Edward Rosario preps fruit for a smoothie fortified with protein powder which he can tolerate to combat nausea.
Nausea is a common side effect of cancer – especially for people going through chemotherapy. When non-Hodgkin’s lymphoma patient Edward Rosario came to the University of Michigan Comprehensive Cancer Center, his nausea was overwhelming.
Emily Mackler, Pharm.D., a pharmacist in the clinic, says there are different medications to treat nausea. A queasy stomach may be caused by neurotransmitters within the brain, and medications can be prescribed to target these. Other medications target receptors lining the gastrointestinal tract that can contribute to nausea. In some cases, more than one medication may be used to provide the best control. “We also look at the medicines a person is already taking to see if those are contributing to the nausea,” Mackler says. “If so, we’ll look at modifying the patient’s medical regimen by changing how they take their medicine or perhaps by switching to a different drug so they can feel some relief.”
Medicine is one way to combat nausea, but staying away from certain foods and rethinking portion size and meal timing can also make a difference in relieving nausea or keeping it under control. Continue reading →
The latest issue of Thrive, the University of Michigan Comprehensive Cancer Center’s patient publication, is now available online.
Check out our cover story about options available to women who would like to start a family after cancer treatment has impaired their fertility. The issue also features stories about helping children cope with their parents’ cancer diagnoses and 10 ways to make better decisions about cancer care. Our dietitians weigh in on popular supplements, and our art therapist discusses the benefits of spending time on creative projects.
By Nancy Burke, R.D., Joan Daniels, R.D., and Danielle Karsies, R.D., M.S. University of Michigan Comprehensive Cancer Center Dietitians
Think of any celebration, and the first thing that probably comes to mind is food. The aroma, taste and texture of food give us pleasure and satisfaction — but cancer and its treatment can temporarily interfere with our ability to enjoy it.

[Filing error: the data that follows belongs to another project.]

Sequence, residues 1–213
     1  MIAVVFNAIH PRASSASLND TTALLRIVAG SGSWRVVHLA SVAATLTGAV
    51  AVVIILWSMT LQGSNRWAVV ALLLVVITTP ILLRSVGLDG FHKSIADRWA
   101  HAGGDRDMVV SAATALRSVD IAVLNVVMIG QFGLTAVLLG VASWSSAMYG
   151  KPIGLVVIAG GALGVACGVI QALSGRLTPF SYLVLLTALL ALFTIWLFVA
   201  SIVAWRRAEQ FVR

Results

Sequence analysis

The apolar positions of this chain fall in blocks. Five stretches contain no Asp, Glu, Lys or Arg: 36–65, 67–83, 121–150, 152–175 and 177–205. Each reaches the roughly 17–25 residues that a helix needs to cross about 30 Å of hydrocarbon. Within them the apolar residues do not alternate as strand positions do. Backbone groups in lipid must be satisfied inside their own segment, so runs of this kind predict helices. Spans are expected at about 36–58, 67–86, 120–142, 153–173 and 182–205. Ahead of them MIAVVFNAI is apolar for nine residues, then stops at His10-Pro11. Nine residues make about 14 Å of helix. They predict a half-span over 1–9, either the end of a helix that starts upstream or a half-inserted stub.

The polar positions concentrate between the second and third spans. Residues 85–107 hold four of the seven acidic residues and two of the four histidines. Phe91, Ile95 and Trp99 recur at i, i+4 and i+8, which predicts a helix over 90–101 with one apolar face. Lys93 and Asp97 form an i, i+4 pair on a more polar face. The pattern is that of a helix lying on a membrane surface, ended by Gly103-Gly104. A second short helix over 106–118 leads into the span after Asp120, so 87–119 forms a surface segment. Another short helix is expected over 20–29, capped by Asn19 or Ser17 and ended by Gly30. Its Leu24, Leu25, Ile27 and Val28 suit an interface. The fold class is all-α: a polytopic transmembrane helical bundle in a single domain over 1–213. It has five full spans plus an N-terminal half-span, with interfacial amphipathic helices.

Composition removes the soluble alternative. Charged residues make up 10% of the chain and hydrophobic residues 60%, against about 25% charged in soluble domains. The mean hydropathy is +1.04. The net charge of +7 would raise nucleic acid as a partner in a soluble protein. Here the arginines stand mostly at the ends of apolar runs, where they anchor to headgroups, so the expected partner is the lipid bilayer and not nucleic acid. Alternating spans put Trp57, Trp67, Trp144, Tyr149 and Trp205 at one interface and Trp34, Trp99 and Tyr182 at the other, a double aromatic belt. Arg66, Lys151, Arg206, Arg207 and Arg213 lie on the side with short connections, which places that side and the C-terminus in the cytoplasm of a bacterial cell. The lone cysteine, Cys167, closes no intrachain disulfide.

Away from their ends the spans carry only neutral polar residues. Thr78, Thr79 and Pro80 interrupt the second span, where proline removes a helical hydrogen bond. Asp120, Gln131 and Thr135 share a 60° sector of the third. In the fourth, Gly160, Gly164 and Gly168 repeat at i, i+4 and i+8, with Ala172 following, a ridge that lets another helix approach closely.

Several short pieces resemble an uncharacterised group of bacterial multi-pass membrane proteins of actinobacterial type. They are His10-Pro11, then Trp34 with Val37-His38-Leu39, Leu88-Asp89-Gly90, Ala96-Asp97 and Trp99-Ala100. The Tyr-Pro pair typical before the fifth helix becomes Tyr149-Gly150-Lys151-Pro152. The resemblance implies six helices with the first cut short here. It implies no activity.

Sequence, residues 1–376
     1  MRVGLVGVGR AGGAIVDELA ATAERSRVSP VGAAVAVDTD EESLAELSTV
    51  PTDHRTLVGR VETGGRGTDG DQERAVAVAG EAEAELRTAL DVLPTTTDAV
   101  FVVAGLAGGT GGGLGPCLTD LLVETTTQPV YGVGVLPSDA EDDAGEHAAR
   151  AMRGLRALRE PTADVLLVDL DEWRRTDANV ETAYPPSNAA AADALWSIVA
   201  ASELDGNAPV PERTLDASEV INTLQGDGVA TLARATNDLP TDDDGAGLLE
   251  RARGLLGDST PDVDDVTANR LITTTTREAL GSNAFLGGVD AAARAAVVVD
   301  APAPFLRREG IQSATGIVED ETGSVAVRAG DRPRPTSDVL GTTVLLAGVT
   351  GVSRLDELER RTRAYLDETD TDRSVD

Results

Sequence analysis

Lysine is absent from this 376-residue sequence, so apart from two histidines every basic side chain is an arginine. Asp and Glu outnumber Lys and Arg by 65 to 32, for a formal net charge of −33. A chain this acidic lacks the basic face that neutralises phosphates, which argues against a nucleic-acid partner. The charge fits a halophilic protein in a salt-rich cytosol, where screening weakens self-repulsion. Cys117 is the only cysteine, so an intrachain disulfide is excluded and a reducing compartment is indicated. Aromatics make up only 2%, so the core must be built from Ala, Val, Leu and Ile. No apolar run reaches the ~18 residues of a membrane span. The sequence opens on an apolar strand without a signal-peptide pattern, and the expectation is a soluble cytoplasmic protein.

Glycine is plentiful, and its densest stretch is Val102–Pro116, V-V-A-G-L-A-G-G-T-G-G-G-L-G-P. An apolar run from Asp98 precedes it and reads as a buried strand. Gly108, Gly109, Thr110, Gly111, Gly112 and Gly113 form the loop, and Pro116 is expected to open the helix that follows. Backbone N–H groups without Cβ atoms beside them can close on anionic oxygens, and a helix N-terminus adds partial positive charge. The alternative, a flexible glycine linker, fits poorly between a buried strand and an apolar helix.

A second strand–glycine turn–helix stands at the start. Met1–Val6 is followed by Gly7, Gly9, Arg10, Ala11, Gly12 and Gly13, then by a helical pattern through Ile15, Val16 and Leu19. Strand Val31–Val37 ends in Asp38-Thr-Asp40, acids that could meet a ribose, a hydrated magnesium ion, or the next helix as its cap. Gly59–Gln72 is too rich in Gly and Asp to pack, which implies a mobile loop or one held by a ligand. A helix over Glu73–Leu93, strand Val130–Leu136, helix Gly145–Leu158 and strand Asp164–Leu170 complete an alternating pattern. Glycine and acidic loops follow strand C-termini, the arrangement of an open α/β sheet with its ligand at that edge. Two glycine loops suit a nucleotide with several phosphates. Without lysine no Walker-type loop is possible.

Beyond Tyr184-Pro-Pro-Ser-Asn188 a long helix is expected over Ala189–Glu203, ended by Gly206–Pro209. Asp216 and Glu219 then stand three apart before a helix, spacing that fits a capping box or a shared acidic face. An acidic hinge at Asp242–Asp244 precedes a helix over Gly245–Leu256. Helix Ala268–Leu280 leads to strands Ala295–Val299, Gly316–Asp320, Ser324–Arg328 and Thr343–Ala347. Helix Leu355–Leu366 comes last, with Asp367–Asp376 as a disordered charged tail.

Some people with cancer may experience loss of appetite or taste. Others may not be able to eat because of a blockage or pain when swallowing. No one wants to give up eating, but when it becomes more of a hindrance or a burden, a feeding tube may offer relief. In fact, we’ve found that many people who opt for tube-feeding say that they wished they had done so sooner, as they feel better overall, more energetic and less burdened by not having to force themselves to eat.
A cancer diagnosis often makes people re-evaluate their eating habits, inspiring many to incorporate more organically grown foods in their diets. Some people buy organic because of concerns about the environment, pesticides or animal welfare. Others perceive organic foods to be more nutritious. But considering the higher cost, is there any evidence that organically grown food offers more health benefits than conventionally grown food?
The University of Michigan Comprehensive Cancer Center’s dietitians tackle this question in their latest nutrition column for our patient publication, Thrive. In addition to weighing the pros and cons of eating organic food, the dietitians offer lists of foods that typically contain the high and low levels of pesticides when conventionally grown, so that you can spend your money more wisely. Visit Thrive to read the full story.
Vitamin D is the media darling of the supplement world: Studies have linked it to lowering the risk of diabetes, cardiovascular disease and cancer. But is it hype? Or should you be paying more attention to your vitamin D intake?
For most people, the recommended daily allowance for vitamin D is 15 mcg or 600 IU per day, according to pharmacist Emily Mackler and registered dietitian Danielle Karsies, both of the University of Michigan Comprehensive Cancer Center’s Symptom Management & Supportive Care Program. The best way to get it is to eat foods rich in vitamin D, such as fatty fish, egg yolks or milk fortified with the vitamin.
Marketing claims for nutritional supplements can be lofty — and misleading. What’s lurking inside those bottles — cancer killers? Or con artists?
University of Michigan Comprehensive Cancer Center dietitians Nancy Burke, R.D., Joan Daniels, R.D., and Daniel Karsies, R.D., M.S., say the best bet for cancer prevention is a healthy diet. Nevertheless, we know many of our patients have questions about supplements. Get the lowdown on 10 commonly linked to cancer prevention.
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